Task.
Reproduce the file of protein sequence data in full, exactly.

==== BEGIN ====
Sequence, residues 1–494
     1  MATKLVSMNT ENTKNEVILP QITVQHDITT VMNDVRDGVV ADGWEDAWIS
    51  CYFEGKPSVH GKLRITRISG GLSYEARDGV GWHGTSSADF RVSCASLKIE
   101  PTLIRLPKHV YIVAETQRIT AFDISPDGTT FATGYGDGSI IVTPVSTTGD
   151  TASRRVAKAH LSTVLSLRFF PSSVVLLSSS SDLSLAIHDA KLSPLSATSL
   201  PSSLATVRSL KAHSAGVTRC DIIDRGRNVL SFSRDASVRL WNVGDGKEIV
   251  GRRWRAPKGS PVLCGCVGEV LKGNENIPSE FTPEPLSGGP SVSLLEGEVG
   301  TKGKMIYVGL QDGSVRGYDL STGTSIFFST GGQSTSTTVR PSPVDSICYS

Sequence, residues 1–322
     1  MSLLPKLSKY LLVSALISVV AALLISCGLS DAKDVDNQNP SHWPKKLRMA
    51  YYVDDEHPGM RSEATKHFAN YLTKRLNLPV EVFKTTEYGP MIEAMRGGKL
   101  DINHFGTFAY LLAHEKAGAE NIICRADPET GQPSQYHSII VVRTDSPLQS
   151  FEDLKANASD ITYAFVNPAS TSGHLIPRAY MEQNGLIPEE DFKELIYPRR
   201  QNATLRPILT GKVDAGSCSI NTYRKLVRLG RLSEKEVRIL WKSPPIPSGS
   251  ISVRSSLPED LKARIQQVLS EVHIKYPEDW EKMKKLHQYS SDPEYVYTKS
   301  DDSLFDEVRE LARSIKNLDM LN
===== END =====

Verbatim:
Sequence, residues 1–494
     1  MATKLVSMNT ENTKNEVILP QITVQHDITT VMNDVRDGVV ADGWEDAWIS
    51  CYFEGKPSVH GKLRITRISG GLSYEARDGV GWHGTSSADF RVSCASLKIE
   101  PTLIRLPKHV YIVAETQRIT AFDISPDGTT FATGYGDGSI IVTPVSTTGD
   151  TASRRVAKAH LSTVLSLRFF PSSVVLLSSS SDLSLAIHDA KLSPLSATSL
   201  PSSLATVRSL KAHSAGVTRC DIIDRGRNVL SFSRDASVRL WNVGDGKEIV
   251  GRRWRAPKGS PVLCGCVGEV LKGNENIPSE FTPEPLSGGP SVSLLEGEVG
   301  TKGKMIYVGL QDGSVRGYDL STGTSIFFST GGQSTSTTVR PSPVDSICYS

Sequence, residues 1–322
     1  MSLLPKLSKY LLVSALISVV AALLISCGLS DAKDVDNQNP SHWPKKLRMA
    51  YYVDDEHPGM RSEATKHFAN YLTKRLNLPV EVFKTTEYGP MIEAMRGGKL
   101  DINHFGTFAY LLAHEKAGAE NIICRADPET GQPSQYHSII VVRTDSPLQS
   151  FEDLKANASD ITYAFVNPAS TSGHLIPRAY MEQNGLIPEE DFKELIYPRR
   201  QNATLRPILT GKVDAGSCSI NTYRKLVRLG RLSEKEVRIL WKSPPIPSGS
   251  ISVRSSLPED LKARIQQVLS EVHIKYPEDW EKMKKLHQYS SDPEYVYTKS
   301  DDSLFDEVRE LARSIKNLDM LN